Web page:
A Memorial in Boston over the weekend: 

Last Saturday in Boston there was a memorial service for Julia Stimson Thorne (1944-2006). Mrs. Thorne was a very popular figure in her set, with a wide variety of friends. Although she was not quite a public personality, she narrowly escaped that circumstance being the first wife of Senator John Kerry and mother of his two daughters. Mrs. Thorne was one of those people who was really loved by a lot of people. One of her many admiring friends, Margo Howard reports on the service, special to the NYSD.

Julia Stimson Thorne and John Forbes Kerry
Julia Stimson Thorne died nearly a year ago. A memorial service was held for he in Boston this past Saturday, at the new ICA Museum. The venue was chosen because Julia had been one of the original group of friends, years ago, who had converted an old firehouse and moved in some modern art. Entering the glass-walled lobby, the only things displayed were very thin, eye-level tripods holding small photos of Julia with her two daughters, Alexandra and Vanessa, various friends, her ex-husband, Senator John F. Kerry, and her widower, Rich Charlesworth … and of course there were pictures of Julia alone or with her dog, Diggity, in the vast openness of the American West which was her beloved home after Massachusetts.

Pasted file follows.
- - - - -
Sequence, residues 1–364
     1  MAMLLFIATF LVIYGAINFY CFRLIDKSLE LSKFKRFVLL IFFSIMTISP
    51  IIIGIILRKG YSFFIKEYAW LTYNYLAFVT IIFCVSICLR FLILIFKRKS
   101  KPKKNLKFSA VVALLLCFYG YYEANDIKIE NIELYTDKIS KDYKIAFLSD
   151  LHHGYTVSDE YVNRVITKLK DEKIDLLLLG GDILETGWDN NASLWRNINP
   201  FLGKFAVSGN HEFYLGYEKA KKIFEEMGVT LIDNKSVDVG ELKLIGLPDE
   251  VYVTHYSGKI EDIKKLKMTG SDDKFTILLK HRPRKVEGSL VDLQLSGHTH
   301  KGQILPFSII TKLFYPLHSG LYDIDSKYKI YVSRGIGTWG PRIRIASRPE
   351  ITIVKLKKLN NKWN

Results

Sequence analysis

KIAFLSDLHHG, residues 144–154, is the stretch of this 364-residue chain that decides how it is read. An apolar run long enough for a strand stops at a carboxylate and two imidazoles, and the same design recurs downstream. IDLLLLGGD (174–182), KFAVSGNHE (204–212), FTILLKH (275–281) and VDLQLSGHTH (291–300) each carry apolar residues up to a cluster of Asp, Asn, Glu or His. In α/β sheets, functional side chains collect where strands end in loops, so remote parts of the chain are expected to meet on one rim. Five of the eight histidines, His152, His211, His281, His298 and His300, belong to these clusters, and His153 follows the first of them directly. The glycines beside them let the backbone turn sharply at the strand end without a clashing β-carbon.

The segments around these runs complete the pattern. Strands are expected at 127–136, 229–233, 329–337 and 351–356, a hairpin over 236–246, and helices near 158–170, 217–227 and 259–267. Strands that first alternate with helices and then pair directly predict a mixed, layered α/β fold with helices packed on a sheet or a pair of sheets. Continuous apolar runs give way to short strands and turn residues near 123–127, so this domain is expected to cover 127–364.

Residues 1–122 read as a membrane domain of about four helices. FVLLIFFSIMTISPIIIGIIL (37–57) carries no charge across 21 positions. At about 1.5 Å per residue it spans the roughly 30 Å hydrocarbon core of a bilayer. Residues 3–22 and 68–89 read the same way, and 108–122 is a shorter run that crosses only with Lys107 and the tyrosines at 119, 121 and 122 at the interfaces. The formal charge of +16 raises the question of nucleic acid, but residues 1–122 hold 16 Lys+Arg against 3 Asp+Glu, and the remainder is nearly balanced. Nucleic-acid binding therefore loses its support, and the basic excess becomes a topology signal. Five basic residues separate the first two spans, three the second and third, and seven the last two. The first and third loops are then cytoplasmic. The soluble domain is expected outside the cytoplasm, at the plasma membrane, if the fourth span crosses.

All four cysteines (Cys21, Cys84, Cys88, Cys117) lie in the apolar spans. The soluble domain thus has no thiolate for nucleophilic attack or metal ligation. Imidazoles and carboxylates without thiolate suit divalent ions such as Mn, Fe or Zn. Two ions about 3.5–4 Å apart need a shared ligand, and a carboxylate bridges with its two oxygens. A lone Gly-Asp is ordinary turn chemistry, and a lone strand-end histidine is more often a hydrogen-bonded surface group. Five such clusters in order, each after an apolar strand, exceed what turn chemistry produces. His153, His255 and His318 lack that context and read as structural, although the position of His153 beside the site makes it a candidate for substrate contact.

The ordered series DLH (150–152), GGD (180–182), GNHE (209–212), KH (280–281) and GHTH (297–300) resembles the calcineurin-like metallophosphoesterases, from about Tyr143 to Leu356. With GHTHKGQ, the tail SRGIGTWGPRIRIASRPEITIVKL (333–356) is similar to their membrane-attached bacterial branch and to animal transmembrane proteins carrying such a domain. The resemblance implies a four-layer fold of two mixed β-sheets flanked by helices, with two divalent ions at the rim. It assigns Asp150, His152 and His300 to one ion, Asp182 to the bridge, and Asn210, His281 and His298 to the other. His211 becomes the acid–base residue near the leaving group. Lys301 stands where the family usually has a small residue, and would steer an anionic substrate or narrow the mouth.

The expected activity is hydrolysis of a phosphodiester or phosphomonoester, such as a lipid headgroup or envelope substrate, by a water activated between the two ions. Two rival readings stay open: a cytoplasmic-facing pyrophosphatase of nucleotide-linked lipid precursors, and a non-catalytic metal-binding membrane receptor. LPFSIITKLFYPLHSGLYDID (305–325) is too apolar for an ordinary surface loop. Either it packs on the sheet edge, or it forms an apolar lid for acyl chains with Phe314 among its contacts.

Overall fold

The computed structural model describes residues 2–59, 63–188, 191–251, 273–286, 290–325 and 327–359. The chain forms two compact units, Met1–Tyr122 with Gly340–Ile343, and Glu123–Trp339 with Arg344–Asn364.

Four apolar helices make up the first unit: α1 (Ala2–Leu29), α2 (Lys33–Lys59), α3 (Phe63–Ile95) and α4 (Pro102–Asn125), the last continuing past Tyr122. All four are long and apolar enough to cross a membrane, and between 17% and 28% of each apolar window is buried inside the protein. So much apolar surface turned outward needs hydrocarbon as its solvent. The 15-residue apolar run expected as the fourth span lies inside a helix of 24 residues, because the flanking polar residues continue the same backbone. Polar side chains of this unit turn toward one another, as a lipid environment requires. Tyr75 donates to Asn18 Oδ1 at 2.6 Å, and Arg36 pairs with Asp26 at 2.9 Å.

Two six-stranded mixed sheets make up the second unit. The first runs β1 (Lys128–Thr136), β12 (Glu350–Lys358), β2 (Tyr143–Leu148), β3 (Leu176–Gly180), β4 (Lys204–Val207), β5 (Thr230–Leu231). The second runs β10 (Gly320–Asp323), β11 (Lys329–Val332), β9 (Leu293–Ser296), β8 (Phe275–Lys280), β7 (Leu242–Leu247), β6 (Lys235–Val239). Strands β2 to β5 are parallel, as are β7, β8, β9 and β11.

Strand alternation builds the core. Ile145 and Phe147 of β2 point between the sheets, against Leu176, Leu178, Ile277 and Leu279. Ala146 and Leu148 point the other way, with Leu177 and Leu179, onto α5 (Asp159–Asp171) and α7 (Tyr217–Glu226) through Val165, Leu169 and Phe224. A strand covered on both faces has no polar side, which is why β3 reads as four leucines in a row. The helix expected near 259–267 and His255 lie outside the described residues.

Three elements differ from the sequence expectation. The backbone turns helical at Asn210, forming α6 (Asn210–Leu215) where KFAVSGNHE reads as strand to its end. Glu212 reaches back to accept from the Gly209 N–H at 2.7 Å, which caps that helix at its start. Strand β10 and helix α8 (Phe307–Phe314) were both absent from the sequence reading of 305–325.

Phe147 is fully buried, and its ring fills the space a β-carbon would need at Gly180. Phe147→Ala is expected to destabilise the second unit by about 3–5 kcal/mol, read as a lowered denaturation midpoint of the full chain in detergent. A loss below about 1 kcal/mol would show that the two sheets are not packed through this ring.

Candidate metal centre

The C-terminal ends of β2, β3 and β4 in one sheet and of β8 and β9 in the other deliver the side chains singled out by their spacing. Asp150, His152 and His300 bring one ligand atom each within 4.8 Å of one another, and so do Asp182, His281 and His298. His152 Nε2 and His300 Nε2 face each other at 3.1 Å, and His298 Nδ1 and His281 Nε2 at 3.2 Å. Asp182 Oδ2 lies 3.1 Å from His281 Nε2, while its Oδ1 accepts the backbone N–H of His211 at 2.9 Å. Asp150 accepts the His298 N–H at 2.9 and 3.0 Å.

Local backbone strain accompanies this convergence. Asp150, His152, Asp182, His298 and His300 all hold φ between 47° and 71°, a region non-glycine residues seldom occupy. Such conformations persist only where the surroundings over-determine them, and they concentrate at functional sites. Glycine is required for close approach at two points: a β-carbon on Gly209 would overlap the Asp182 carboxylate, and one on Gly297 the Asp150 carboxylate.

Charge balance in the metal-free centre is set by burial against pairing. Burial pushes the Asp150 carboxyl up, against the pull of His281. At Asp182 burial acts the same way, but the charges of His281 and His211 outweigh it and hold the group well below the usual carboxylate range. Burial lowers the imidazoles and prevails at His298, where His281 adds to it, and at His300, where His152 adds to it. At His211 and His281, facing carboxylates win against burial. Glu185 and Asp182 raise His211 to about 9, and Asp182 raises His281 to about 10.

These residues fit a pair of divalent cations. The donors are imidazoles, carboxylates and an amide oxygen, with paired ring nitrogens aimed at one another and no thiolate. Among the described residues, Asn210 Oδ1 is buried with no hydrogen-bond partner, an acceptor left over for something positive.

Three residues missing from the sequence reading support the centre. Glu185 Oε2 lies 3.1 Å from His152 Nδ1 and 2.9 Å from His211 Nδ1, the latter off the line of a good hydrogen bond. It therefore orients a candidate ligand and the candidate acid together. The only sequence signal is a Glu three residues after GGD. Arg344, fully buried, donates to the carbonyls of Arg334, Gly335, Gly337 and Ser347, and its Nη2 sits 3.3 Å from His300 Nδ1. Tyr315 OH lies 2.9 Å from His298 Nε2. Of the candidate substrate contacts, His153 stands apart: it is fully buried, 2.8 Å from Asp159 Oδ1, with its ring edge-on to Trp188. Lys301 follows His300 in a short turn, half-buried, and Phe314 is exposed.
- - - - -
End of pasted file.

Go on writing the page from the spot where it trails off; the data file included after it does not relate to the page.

Her real home, I think, had been Italy. As her twin, David Thorne, said in his remarks, “Welcome to the Traveling Julia Thorne Memorial Road Show.”

The reference was to the fact that some months earlier, there’d been a service in Bozeman, where she and Rich lived. There is also an upcoming memorial in Rome because: after her little girl years in Greenwich, the family moved to Rome so her father could, it was announced publicly, work on the Marshall Plan there. In actuality, he was one of the American rich who were part of the newly created CIA and instructed to buy businesses as fronts for the agency.